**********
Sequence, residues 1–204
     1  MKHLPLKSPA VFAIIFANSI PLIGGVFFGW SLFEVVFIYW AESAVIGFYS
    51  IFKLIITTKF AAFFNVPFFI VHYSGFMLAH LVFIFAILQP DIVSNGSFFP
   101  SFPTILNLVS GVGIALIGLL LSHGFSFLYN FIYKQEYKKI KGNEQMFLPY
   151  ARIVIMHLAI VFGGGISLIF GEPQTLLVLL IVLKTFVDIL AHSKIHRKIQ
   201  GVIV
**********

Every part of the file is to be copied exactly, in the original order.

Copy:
Sequence, residues 1–204
     1  MKHLPLKSPA VFAIIFANSI PLIGGVFFGW SLFEVVFIYW AESAVIGFYS
    51  IFKLIITTKF AAFFNVPFFI VHYSGFMLAH LVFIFAILQP DIVSNGSFFP
   101  SFPTILNLVS GVGIALIGLL LSHGFSFLYN FIYKQEYKKI KGNEQMFLPY
   151  ARIVIMHLAI VFGGGISLIF GEPQTLLVLL IVLKTFVDIL AHSKIHRKIQ
   201  GVIV